N.R. Fairchild, Jr. and D.D. Wood
This paper presents a field case study on the application of advanced stimulation technologies (AST) to the East Ohio Gas (EOG) Stark-Summit Gas Storage Field, Clinton Formation, near North Canton, Ohio. The study demonstrates benefits in two ways:
increased deliverability; and
improved restimulation candidate selection.
Using 3-D hydraulic fracture modeling and reservoir simulation, one of the actual (AST) treatments pumped during the study was compared to the typical 75-quality nitrogen foam treatment used in the 1996 restimulation program. This comparison showed that the new treatment improved proppant placement and fracture conductivity. Over a 150 day withdrawal cycle this increases the cumulative gas production by 29,900 Mscf and improves initial gas rates by 30%. In addition, actual flow test data showed that post-fracture deliverability was more than doubled over pre-fracture values, and was 187% higher than any previous post-fracture results in the study well.
The case study also demonstrated the importance of proper restimulation candidate selection. By using improved techniques for pre-treatment flow test evaluation, better estimates of existing permeability and current effective fracture half-length can be determined. Identifying wells with little potential for increased deliverability due to extremely high permeability or an existing effective hydraulic fracture prevents these wells from being restimulated which results in cost savings. If these wells are not properly identified, up to $20,000 can be spent on a restimulation treatment that has little chance of significantly improving deliverability. In addition, better estimates of permeability will enable hydraulic fracture treatments to be designed and optimized on an individual well basis.
To aid in the optimization of hydraulic fracture candidate selection, design, execution, and evaluation, the following technologies were used: one-point well test analysis, 3-D fracture design, reservoir simulation, real-time fracture treatment diagnostics, post-fracture welltest analysis, and isochronal flow test analysis. Two test wells were used to evaluate the application of the different technologies which led to significant changes in EOG's treatment schedules and proppant concentrations. The case study was conducted in cooperation with the Gas Research Institute and its Advanced Stimulation Technologies deployment program.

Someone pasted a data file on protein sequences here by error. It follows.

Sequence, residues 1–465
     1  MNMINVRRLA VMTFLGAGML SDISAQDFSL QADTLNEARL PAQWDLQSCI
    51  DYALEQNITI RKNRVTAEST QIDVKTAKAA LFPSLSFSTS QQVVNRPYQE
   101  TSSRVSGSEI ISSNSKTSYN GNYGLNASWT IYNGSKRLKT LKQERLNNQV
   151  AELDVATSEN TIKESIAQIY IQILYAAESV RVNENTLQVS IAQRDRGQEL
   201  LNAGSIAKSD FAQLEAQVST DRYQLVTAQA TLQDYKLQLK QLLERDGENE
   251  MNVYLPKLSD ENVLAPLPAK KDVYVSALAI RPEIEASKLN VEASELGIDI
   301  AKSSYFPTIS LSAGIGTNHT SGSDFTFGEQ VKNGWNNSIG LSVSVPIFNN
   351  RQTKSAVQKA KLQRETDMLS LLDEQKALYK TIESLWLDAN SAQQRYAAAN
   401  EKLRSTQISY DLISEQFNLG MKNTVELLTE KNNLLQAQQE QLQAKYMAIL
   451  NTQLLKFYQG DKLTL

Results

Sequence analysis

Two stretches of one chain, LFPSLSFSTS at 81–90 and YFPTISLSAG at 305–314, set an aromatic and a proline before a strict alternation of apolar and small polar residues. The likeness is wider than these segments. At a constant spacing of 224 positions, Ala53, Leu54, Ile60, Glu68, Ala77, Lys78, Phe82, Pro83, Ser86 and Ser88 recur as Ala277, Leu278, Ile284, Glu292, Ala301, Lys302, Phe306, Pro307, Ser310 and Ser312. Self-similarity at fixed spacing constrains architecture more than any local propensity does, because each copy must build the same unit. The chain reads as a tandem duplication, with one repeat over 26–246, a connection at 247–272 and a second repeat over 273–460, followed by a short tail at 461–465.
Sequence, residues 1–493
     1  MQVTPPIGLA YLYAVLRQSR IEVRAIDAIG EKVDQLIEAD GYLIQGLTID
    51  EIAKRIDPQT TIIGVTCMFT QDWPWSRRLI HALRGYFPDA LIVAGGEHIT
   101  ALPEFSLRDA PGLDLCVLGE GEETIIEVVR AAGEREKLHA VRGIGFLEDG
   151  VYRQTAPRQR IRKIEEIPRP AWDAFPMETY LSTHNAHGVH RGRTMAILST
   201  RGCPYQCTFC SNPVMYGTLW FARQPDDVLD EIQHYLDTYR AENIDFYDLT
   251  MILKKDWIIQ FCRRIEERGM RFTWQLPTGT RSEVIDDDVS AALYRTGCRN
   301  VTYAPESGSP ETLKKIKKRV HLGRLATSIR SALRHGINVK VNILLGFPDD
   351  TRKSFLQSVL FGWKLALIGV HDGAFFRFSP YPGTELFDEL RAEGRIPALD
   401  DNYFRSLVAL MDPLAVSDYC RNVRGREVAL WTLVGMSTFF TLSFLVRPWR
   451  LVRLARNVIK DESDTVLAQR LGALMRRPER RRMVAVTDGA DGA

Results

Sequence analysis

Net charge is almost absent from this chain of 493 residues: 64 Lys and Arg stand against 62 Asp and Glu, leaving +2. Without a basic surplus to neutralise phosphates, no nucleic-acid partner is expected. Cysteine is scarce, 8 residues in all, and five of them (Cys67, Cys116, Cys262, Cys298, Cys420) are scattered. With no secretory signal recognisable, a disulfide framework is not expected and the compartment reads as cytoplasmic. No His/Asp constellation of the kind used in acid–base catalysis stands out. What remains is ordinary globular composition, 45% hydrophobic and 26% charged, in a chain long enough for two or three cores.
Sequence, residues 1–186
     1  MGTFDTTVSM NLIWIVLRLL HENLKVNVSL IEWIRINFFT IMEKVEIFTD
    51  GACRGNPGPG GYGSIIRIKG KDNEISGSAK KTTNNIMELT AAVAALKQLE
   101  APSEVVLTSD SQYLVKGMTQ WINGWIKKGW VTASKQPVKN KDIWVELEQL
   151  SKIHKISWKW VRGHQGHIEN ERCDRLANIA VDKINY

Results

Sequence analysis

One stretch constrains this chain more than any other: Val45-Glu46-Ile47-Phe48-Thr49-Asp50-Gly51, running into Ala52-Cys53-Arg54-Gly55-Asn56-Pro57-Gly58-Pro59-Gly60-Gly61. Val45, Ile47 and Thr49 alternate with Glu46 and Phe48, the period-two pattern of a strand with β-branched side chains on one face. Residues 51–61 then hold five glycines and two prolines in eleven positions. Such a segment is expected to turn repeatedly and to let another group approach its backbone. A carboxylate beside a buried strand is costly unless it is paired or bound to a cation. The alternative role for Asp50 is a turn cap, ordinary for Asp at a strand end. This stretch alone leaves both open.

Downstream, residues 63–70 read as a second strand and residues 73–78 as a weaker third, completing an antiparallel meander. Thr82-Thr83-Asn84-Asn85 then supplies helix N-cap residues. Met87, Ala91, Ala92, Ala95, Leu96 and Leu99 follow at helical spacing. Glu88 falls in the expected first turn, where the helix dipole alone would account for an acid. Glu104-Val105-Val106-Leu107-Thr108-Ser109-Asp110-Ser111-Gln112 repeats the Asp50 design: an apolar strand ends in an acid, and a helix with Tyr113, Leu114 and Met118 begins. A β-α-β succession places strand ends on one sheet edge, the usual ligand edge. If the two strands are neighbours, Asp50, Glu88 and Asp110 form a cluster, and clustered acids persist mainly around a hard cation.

EOG operates the Stark-Summit storage pool in north east Ohio near North Canton (Fig. 1). To maintain pool deliverability, EOG hydraulically fractures approximately 20 wells per year. Although these wells have been hydraulically fractured in the past, proppant flow back, paraffin buildup, and compressor oil sludge can reduced the effectiveness of these treatments.
Wells in the Stark-Summit storage field are completed in the Clinton Sandstone which is Silurian in age. The field is lenticular in nature and dips 800 ft from its western edge to its eastern edge. Average depth of the field is 4,200 ft with an initial reservoir pressure of approximately 1,500 psi. The field covers 27,900 acres with an average net pay of 23 ft. The boundaries of the field are defined by permeability pinch-outs which produce dry holes and low volume wells at the periphery of the field. Permeability varies widely over the field (1 to 20 md) and may be enhanced by natural fractures.
The field was put into production in 1927 and produced 140.3 Bcf of gas until 1941 when it was converted to storage. At the time of conversion, it was calculated that 22.6 Bcf of gas remained in the field. When storage operations began, there were 339 active and 120 abandoned wells. During storage development, in-fill drilling was conducted to obtain an average well spacing of 40 acres, and there are currently over 700 active wells in the field.